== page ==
by Allan Fish
(USA 1933 93m) DVD2 (Spain only)
p Samuel Goldwyn d Frank Tuttle w George Oppenheimer, William Anthony McGuire, Arthur Sheekman, Nat Perrin story George S.Kaufman, Robert E.Sherwood ph Gregg Toland chariot sequ. Ralph Cedar ed Stuart Heisler m Alfred Newman ch Busby Berkeley m/ly Harry Warren, Al Dubin, L.Wolfe Gilbert art Richard Day cos John Harkrider
Eddie Cantor (Eddie/Oedipus), Verree Teasdale (Empress Agrippa), Edward Arnold (Valerius Caesar), David Manners (Josephus), Ruth Etting (Olga), Gloria Stuart (Princess Sylvia), Alan Mowbray (Majordomo), Willard Robertson (Warren Finlay Cooper), Stanley Fields (slave trader), Clarence Wilson (Boggs, the museum keeper), Lucille Ball,
Nearly eighty years on, the star vehicles of Eddie Cantor now seem to belong to another era, rather like the Danny Kaye vehicles a decade later. The comparison is not idly invoked as both were the flagship comedic talents of Samuel Goldwyn in their respective eras. And there’s even a link from Kaye back to Cantor by way of homage which seems to have been missed by most reviewers. Cantor’s star reign was from around 1930-1935, like many other comedians he lost his lustre with the killjoy enforcement of the hays Code. He would make a comeback in the likes of Thank Your Lucky Stars and Show Business, the latter the first of a successful partnership with Joan Davis, but they’re diluted, almost self-mocking Cantor. Despite the incidental pleasures of Whoopee (in which he sang ‘Making Whoopee’ as only he could), The Kid from Spain and Kid Millions, there’s only one of his films that comes close to the level of classic.
Eddie plays Eddie, living in West Rome, a small American town with corrupt politicians trying to put up prisons and museums of Roman artefacts and evicting the local poor in the process. Eddie stands up for them and gets himself marched to the city limits and told to keep walking. This he does, but a mile or so outside town he imagines himself back in Ancient Rome (after one assumes a bang on the head). Sold to friend of the people Josephus in a slave auction, he quickly finds himself in trouble with the tyrannical emperor Valerius. After a flirtation with the lions and then with torture, he finds himself food taster at the Imperial Court, a position so precarious it amounts to being an ‘Official Sacrifice’. Throw in an English princess blackmailed into being the emperor’s concubine and an empress trying desperately to poison her husband.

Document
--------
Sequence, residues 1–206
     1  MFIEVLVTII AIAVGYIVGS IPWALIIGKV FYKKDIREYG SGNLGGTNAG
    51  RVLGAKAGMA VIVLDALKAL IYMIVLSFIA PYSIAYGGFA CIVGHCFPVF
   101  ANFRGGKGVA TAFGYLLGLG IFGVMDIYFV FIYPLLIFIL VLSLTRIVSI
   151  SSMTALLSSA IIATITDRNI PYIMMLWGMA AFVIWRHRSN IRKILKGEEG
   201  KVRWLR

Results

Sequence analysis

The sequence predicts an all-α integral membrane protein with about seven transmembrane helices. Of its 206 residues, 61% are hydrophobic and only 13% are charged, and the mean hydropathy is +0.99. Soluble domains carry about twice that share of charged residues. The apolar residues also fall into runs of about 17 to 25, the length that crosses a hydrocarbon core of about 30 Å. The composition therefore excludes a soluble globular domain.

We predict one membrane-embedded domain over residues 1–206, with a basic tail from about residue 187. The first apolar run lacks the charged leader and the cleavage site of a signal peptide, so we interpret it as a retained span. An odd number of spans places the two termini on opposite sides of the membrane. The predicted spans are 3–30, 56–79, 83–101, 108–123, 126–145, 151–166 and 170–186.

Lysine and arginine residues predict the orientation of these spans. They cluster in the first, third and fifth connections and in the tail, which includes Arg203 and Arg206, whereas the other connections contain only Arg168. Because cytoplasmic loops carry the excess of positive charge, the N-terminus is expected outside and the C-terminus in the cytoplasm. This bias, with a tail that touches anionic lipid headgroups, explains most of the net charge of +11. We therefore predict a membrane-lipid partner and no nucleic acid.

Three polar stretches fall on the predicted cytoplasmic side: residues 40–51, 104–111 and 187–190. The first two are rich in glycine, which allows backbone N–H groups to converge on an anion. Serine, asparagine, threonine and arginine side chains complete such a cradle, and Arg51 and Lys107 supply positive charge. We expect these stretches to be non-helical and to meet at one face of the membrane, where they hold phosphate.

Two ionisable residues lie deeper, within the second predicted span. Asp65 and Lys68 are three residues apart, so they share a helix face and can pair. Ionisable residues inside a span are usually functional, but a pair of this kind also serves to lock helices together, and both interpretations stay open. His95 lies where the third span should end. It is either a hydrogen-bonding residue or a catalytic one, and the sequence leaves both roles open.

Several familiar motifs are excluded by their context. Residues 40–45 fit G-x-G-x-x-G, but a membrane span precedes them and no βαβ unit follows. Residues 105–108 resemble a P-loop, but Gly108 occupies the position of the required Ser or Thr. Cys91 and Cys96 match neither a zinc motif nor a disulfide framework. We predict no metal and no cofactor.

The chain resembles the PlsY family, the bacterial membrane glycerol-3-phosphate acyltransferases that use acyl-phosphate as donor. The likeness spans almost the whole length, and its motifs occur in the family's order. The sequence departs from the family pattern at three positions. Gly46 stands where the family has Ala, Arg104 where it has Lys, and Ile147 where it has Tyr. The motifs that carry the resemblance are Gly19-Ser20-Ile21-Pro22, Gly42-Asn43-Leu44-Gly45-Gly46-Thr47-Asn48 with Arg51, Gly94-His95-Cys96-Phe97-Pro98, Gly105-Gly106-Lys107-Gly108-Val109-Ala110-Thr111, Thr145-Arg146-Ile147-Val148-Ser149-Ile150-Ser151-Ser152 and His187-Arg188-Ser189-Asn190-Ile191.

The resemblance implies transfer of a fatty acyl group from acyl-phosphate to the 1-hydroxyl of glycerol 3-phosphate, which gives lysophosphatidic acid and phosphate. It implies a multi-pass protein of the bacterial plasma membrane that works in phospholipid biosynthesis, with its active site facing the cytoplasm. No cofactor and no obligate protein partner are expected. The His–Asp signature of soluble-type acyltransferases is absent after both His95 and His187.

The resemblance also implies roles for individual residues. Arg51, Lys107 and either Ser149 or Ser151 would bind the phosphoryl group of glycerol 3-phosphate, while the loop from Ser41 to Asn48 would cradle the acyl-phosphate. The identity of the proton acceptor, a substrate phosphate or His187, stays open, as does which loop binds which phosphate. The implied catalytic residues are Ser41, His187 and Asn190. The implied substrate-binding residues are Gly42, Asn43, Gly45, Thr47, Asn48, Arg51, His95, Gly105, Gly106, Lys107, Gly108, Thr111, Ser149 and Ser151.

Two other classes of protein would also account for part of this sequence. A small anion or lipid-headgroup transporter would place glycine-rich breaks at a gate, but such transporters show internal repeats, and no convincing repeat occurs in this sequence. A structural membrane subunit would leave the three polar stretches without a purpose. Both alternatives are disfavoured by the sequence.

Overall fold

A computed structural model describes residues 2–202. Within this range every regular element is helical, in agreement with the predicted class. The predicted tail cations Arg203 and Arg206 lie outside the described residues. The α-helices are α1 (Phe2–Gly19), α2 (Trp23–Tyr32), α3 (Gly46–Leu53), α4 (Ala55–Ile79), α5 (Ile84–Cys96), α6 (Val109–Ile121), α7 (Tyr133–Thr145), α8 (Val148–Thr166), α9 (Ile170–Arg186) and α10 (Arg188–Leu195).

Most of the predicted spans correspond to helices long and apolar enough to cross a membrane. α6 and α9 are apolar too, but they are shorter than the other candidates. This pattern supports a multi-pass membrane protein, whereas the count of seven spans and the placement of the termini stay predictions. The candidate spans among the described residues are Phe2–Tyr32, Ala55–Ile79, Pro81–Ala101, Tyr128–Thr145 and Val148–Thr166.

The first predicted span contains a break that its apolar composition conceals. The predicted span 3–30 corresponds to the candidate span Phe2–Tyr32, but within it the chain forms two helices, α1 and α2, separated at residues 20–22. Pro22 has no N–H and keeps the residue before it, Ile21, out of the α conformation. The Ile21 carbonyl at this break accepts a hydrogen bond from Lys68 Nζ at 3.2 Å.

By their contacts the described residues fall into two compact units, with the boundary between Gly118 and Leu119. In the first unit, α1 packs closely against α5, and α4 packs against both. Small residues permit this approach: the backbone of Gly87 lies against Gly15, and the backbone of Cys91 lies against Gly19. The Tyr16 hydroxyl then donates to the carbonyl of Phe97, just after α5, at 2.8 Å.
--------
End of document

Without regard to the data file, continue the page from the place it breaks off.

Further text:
The flashback idea was hardly a new one, and the present day book-ends are less interesting than the Roman portions, and though they are capped by a magnificently edited chariot race sequence by Ralph Cedar, the plot of the lovers and the Imperial intrigue is left in the balance and unresolved. Not that any of this matters, for it’s the individual ingredients that make it so memorable. There’s choice dialogue aplenty, not least in the slave auction bidding wars (“I can cook a little, I can take care of the children, and if there are no children I can take care of that…PAUSE…by being a son to you”), and the musical numbers are something to behold with choreography from Busby Berkeley in his last film prior to achieving immortality at Warners. Notable are a torch song from Ruth Etting, in a rare film appearance, in which Goldwyn girls, naked but for Rapunzel wigs, are tied up on a giant podium while other slave girls gyrate and dance around to such an extent one has to pinch oneself into not thinking it a musical number directed by C.B.de Mille. And then topping even that there’s the song for which Scandals would be famous, ‘Keep Young and Beautiful’, performed by Cantor in a now un-PC blackface moving between a harem of scantily – if at all – clad young ladies (Lucille Ball can briefly be spotted amongst them), references to flesh and skin stretching to a line about Cantor’s immigrant ancestry when observing “look at my skin, it’s imported all the way from Russia.” A joke that could just as easily apply to Kaye, whose The Court Jester borrowed the thrust of its most famous poison sketch from this Cantor vehicle, only here it’s food not drink; “the one without the parsley is the one without the poison.”
How Roman Scandals made the Elite 70:
Sam Juliano’s No. 21 choice
Allan Fish’s No. 26 choice